Akayed Ullah, 27, who migrated to the United States in 2011 and lived in Brooklyn, was hit with a five-count indictment...
Akayed Ullah, 27, who migrated to the United States in 2011 and lived in Brooklyn, was hit with a five-count indictment, which includes providing material support to IS and use of weapons of mass destruction, according to the complaint.
He is expected to appear before a judge, most likely by video link from his hospital bed, either Tuesday or Wednesday.
Ullah wounded himself and three other people in the blast, which took place in the subway tunnels below the Port Authority bus terminal, not far from iconic Times Square, on Monday.
The explosion, which sowed panic and disrupted the morning commute during the busy Christmas tourism season, came six weeks after another immigrant, also reportedly inspired by the IS group, killed eight people on a bike path.
President Donald Trump has leapt on both attacks to reiterate calls for tighter US immigration, demanding an end to the visa programs that admitted Ullah and the Uzbek bike path attacker, although both appear to have only radicalized after emigrating.
"We will end them fast. Congress must get involved immediately," Trump said Tuesday. "These attacks underscore the dangers we face from around the globe."
Ullah allegedly built the pipe bomb in his Brooklyn apartment a week before the attack, packing the device with metal screws and Christmas tree lights, and allegedly admitted planning the would-be suicide bombing for several weeks.
He strapped the pipe bomb to his chest, selected the time and location to "maximize human casualties," admitted to being inspired by IS and wanted to avenge US policies in the Middle East, Manhattan's acting US Attorney Joon Kim told reporters.
En route to carrying out the attempted attack, he allegedly posted on Facebook, "Trump you failed to protect your nation," according to court documents.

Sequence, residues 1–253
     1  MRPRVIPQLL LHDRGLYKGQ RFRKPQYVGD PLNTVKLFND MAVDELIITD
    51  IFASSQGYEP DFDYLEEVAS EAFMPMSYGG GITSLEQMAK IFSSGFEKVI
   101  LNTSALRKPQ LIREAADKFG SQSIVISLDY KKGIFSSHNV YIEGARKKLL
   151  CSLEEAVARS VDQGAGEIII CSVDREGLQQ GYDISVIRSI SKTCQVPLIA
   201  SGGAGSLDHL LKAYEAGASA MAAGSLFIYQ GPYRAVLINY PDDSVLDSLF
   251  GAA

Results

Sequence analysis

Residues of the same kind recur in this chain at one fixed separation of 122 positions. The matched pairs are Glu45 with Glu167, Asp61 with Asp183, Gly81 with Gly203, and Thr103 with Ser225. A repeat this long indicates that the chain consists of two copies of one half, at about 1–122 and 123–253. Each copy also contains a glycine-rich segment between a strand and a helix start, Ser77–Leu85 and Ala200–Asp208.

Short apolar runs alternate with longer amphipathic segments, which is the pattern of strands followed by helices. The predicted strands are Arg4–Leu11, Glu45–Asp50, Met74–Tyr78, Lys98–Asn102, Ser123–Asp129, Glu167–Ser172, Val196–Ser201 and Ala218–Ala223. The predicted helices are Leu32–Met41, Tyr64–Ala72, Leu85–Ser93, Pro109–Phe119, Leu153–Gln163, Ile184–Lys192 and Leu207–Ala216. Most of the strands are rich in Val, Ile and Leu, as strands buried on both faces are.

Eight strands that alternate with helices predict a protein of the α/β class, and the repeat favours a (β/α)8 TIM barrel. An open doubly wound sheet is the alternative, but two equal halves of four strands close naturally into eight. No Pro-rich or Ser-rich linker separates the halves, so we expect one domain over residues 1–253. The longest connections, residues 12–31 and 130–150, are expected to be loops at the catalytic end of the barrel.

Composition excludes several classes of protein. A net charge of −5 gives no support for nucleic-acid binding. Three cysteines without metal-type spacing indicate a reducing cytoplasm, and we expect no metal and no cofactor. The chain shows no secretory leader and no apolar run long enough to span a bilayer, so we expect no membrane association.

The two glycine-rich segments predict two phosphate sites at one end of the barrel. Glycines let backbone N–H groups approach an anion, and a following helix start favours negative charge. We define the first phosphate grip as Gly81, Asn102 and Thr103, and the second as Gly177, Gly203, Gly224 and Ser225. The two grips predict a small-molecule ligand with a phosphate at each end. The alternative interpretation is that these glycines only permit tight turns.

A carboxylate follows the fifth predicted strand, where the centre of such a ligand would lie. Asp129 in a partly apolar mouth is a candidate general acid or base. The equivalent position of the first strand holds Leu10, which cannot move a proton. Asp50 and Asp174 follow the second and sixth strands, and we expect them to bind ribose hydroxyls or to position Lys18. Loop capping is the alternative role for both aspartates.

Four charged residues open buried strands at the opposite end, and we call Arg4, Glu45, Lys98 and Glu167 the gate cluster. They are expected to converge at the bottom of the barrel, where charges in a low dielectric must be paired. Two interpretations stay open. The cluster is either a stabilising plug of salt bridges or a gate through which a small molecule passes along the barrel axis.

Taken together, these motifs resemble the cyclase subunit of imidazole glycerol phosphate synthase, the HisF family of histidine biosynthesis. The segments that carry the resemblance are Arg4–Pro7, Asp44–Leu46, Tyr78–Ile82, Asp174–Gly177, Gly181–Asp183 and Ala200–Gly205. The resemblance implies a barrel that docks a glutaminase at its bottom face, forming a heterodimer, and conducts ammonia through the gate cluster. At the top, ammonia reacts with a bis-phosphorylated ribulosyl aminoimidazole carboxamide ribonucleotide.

The chilling handwritten note: "O America die in your rage," was found in a passport in Ullah's name, along with metal pipes, wires and screws in his Brooklyn home, Kim told reporters.
But his bomb failed to detonate as planned, leaving him with burns to his torso and hands, officials said. The three victims suffered minor complaints such as ringing in their ears and headaches.
Ullah began to radicalize in 2014, three years after moving to the United States, by watching IS propaganda online before starting to research how to make bombs a year ago, officials said.
But he operated under the radar, his name never appearing on any watch lists, and he was not previously known to law enforcement in either the United States or his Muslim-majority homeland, officials said.
In Bangladesh, counter-terrorism officers questioned his 25-year-old wife, whom he married in 2016 and visited in September after the birth of their son, officials said.
Police raided the family home in Dhaka, but neither Ullah's wife, Jannatul Ferdous Piya, nor her father are under any suspicion, officer Saiful Islam told AFP.
Mofazzal Hossain, caretaker of the family apartment in Dhaka, described him as "pious and a gentleman."
"He used to pray in the local mosque five times a day. He would urge us to pray and do good work," Hossain told AFP.
Dhaka police were investigating whether he could have been radicalized in Bangladesh, which is waging its own war against extremism and where IS claimed an assault in July 2016 that killed 22 hostages, 18 of them foreigners.
The FBI on Tuesday urged New Yorkers to remain vigilant during the busy holiday season in a city that has considered itself a perennial target since the Al-Qaeda hijackings brought down the Twin Towers on September 11, 2001.
The New York Times reported that Ullah appears to have prayed regularly at the Masjid Nur Al Islam mosque, and from 2012 to 2015, held a license to drive for-hire vehicles.
His family issued a statement through the Council on American-Islamic Relations saying they were "heartbroken" by the attack and the allegations against Ullah.